We are extremely proud to welcome to the Tallinn Design Festival as a centerpiece “Created in Italy – the attitude for the impossible” exhibition. Bringing together compelling designs product and concepts across Italy, it outlines the versatility of the country’s industrial design.
“Created in Italy” came together as an exhibition four years ago under the care of its curators Odo Fioravanti, Giulio Iacchetti and Francesca Picchi, travelling before Tallinn already across the world from Melbourne to San Francisco to Jakarta to Bangalore to Hanoi. It’s being promoted by the Directorate General for Cultural and Economic Promotion and Innovation, as well as the Italian Ministry of Foreign Affairs and International Cooperation. In Tallinn the exhibition will be shown in cooperation with the Embassy of Italy and the Estonian Association of Designers.
We had a chance to talk to Francesca and Odo, two of the exhibition’s curators, and are happy to bring you the story behind it all.
What has been your idea behind this exhibition?
The task before us was to make an exhibition about the Italian contemporary design, as well as to promote the industry from commercial side. However, we didn’t want to show just objects, but to widen as much as possible the idea about design, to explore it as a cultural phenomenon. We did an extensive research to include to the exhibition companies of very different backgrounds, in order to show the versatility of Italian design.
What were your criteria when selecting the design brands whose story to tell?
In Italy exist many different identities, as the country got united not that long ago. We have different regions with their firmly shaped identities that they are proud of, not even dialects, but local languages etc. We believe that diversity is richness and want to show that also in case of Italian design, from many different aspects.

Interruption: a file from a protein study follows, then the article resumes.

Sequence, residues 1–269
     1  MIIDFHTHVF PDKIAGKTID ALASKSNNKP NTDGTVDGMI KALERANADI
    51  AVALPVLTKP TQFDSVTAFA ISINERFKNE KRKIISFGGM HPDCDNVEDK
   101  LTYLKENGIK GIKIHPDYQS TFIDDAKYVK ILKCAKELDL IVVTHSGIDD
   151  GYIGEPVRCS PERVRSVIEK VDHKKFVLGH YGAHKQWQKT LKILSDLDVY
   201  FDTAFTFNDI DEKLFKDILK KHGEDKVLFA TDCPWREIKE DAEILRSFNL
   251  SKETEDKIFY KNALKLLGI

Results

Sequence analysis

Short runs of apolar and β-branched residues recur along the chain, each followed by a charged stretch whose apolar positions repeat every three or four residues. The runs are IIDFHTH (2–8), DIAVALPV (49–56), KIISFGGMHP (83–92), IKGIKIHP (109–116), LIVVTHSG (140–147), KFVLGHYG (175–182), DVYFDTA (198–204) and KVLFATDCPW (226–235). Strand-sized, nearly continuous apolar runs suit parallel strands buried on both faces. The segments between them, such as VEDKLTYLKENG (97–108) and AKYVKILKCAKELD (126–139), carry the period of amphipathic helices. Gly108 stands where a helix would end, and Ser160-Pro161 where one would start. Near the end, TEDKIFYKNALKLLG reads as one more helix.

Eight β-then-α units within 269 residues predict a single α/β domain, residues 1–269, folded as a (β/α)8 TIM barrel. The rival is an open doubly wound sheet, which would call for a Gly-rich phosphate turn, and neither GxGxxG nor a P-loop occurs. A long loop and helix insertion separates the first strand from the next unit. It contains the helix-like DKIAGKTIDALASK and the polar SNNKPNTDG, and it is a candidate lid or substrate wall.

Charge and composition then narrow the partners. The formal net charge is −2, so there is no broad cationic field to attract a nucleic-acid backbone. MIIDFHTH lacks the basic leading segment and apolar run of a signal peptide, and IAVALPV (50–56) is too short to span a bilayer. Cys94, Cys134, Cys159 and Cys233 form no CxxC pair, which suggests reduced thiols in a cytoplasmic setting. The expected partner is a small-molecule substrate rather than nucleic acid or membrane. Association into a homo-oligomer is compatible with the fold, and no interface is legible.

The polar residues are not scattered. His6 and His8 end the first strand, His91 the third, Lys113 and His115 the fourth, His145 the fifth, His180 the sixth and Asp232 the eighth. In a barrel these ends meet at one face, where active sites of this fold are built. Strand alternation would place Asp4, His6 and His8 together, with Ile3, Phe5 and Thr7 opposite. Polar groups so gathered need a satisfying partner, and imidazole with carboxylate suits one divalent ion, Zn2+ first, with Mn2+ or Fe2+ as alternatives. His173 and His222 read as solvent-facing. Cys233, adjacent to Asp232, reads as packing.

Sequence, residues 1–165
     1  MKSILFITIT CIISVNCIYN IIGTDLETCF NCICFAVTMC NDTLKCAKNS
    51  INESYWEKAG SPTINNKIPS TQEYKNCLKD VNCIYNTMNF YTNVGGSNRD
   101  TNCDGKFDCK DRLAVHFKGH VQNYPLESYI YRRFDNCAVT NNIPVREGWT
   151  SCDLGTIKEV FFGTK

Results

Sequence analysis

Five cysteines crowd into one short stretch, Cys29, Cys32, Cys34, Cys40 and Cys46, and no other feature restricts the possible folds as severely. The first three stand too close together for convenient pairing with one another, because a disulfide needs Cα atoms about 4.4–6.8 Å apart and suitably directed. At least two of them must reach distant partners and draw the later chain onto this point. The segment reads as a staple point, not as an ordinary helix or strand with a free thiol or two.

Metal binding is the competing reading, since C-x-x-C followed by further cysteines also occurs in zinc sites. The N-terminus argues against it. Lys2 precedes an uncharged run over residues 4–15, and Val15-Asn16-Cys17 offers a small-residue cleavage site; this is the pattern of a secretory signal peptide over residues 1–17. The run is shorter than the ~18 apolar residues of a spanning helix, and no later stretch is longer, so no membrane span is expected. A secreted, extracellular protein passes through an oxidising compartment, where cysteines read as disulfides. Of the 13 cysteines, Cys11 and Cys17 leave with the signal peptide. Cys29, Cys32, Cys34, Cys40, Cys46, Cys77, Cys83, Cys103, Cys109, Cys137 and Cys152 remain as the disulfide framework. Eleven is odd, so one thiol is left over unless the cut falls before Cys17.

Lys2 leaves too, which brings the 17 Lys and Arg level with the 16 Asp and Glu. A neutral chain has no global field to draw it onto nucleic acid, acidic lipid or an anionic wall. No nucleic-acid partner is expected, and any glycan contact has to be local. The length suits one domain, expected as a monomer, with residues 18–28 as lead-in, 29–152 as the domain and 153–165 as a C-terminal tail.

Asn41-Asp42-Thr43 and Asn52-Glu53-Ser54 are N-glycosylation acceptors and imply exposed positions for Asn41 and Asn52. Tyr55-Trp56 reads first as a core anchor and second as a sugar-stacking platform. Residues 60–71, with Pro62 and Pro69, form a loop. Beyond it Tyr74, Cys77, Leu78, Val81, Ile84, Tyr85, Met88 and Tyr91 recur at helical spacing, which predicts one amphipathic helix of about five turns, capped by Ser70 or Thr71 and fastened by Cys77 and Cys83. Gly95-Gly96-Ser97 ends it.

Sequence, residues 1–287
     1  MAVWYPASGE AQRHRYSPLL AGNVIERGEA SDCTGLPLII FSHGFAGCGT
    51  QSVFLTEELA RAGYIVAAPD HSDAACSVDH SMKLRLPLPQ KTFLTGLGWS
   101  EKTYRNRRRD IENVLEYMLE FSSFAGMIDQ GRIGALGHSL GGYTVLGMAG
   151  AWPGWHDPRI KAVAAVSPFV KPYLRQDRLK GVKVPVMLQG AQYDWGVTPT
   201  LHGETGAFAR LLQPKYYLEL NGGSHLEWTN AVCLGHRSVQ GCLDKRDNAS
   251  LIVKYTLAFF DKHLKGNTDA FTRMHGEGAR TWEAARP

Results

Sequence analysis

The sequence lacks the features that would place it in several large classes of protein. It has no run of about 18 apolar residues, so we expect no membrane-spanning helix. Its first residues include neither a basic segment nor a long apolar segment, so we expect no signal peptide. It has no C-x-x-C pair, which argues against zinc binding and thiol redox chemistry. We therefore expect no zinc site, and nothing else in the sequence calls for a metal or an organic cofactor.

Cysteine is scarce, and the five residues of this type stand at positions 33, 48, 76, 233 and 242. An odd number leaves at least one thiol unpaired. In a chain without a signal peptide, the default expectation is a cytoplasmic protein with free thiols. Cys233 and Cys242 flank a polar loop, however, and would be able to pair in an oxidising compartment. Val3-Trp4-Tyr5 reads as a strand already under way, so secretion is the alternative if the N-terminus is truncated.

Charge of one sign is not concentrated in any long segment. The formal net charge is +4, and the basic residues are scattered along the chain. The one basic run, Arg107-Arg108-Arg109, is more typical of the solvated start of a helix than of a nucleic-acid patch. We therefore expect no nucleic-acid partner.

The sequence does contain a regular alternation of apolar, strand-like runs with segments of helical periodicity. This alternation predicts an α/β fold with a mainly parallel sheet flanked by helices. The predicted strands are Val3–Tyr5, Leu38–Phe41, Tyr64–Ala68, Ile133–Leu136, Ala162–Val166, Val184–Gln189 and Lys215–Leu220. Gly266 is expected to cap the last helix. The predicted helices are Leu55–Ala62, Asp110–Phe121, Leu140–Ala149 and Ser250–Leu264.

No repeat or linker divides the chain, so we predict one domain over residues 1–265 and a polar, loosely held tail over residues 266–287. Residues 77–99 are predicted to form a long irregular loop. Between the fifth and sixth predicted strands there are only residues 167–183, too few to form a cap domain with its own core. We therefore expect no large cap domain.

We tried to distribute the participants fairly across Italy, showcasing the design from every corner of the Italian peninsula, from small family businesses to big internationals, creating an equilibrium. Then, we also wanted to show the entire biodiversity of Italian design, not only limiting it to home interior or furniture, but having also, for instance, technology sector, items connected to fashion, food, automotive, agriculture etc.
And finally, we also looked for that something interesting enough in the particular design brand, its ability to improve human life.
Is there any design brand within the exhibition that has touched you the most?
It’s almost impossible to pick any favorites, it feels almost like choosing your favorite child. However, one story that is definitely worth telling, is the one of a little company close to Milan, Terre Davis. It’s a small family business grinding bricks for the making of tennis court grounds. Instead of doing it from new bricks, they started to use old bricks from deserted or destroyed buildings, consistent with the idea of circular economy. It’s fascinating to think that such a little company is now selling its innovation to the biggest tennis courts of the world.
The other interesting example from the exhibition, are the hands-on materials used in Montessori educational institutions and by the followers of the Montessori method, again made by a little company GAM. The choice of materials for Montessori is very strict, in order to enable the best learning environment and potential for kids, and it’s amazing that even after the worldwide success of Maria Montessori, those materials are still being bought from the same small company.